Seniors, overcharged by billions on Medicare, won’t see ’22 refund

Patrick Malone & Associates P.C. | DC Injury Lawyers
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Patrick Malone & Associates P.C. | DC Injury Lawyers

Tens of millions of seniors, hit by one of the largest increases in recent memory of their monthly Medicare charges due to a prescription drug regulatory debacle, will not see a penny refunded this year on what amounts to a federal overcharge.

This will occur, even though it was floated as a possibility and the cause of their health care coverage increase didn’t materialize.

The 2021 embarrassment for federal officials, instead, may turn into inflation anticipation, the federal Centers for Medicare and Medicaid Services (CMS) has said.

Let’s wind the clock back to see why seniors got hit with an odious $116 annual overcharge in their Medicaid premiums. Blame it on the dubious approval by the federal Food and Drug Administration of the Alzheimer’s targeted drug Aduhelm. (This blog, by the way, has tracked this nightmare for months, with posts that can be read here and here and here and here and here).

The medication’s maker, Biogen, took a tortured path to winning FDA approval of a medication that even its most ardent backers conceded had limited effect, at best, on patients with early Alzheimer’s. The FDA overrode its own independent, elite experts — and brought on itself a hailstorm of criticism — for expediting Aduhelm’s approval based on shaky evidence from clinical trials.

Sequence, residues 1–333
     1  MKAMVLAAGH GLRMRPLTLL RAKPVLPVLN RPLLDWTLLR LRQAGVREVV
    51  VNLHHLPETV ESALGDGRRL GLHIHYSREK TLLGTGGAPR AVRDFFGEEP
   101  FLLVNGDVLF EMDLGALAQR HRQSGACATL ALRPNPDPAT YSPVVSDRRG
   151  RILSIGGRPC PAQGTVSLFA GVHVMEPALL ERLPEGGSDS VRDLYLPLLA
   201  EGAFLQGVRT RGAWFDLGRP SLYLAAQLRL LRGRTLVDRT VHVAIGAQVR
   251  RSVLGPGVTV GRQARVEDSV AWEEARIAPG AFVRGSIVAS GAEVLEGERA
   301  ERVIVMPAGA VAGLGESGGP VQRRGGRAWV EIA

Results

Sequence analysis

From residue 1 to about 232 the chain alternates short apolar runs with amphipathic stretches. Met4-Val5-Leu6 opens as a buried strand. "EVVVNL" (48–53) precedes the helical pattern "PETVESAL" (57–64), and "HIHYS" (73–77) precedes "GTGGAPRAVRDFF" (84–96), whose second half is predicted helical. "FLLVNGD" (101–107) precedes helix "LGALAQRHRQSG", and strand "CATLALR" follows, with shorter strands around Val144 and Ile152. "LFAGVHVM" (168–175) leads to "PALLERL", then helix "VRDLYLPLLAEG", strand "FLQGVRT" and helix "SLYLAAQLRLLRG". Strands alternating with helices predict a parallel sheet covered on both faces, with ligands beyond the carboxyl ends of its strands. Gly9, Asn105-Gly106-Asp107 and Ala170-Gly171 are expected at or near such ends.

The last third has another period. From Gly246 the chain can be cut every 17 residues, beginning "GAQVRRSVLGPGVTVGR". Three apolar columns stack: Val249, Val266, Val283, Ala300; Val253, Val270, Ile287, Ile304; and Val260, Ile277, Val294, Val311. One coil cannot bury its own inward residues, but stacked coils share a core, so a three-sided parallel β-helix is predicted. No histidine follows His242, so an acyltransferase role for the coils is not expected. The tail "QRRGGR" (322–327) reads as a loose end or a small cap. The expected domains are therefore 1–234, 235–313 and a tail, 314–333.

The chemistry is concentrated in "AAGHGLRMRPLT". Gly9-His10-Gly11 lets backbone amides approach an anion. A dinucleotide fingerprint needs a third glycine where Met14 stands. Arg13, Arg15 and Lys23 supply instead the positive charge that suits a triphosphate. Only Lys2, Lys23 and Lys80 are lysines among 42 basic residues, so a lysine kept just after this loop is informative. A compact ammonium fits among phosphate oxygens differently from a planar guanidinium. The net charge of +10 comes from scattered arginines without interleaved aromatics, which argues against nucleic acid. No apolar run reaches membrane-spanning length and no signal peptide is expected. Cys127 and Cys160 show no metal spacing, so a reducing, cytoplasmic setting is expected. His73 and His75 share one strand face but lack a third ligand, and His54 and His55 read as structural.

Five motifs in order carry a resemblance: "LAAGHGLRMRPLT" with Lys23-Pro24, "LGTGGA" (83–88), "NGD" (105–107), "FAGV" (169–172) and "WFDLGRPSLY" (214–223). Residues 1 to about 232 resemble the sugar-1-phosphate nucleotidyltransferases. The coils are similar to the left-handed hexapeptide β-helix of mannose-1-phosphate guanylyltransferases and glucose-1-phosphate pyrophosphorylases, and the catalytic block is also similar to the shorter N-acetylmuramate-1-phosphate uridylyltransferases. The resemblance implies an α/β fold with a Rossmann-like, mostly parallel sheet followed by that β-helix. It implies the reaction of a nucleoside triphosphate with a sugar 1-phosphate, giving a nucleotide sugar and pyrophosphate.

Biogen then stuck it to the public, setting a nosebleed price on the drug — $56,000 annually for the medication alone, not to mention that it requires administration in a doctor’s office, clinic, or hospital, and that patients taking it must undergo regular brain scans. That’s because the drug has serious side effects, including reported cases of brain swelling and bleeding.

Insurers, the Department of Veterans Affairs, major hospitals and academic medical centers, and leading specialists assailed the FDA approval of Aduhelm and declined to use it. CMS eventually took the rare position that it would cover the drug’s use only in clinical trials. Biogen slashed its announced price for the drug, which tanked below the lowest sales expectations of the company, leading to employee layoffs and a major corporate retrenchment.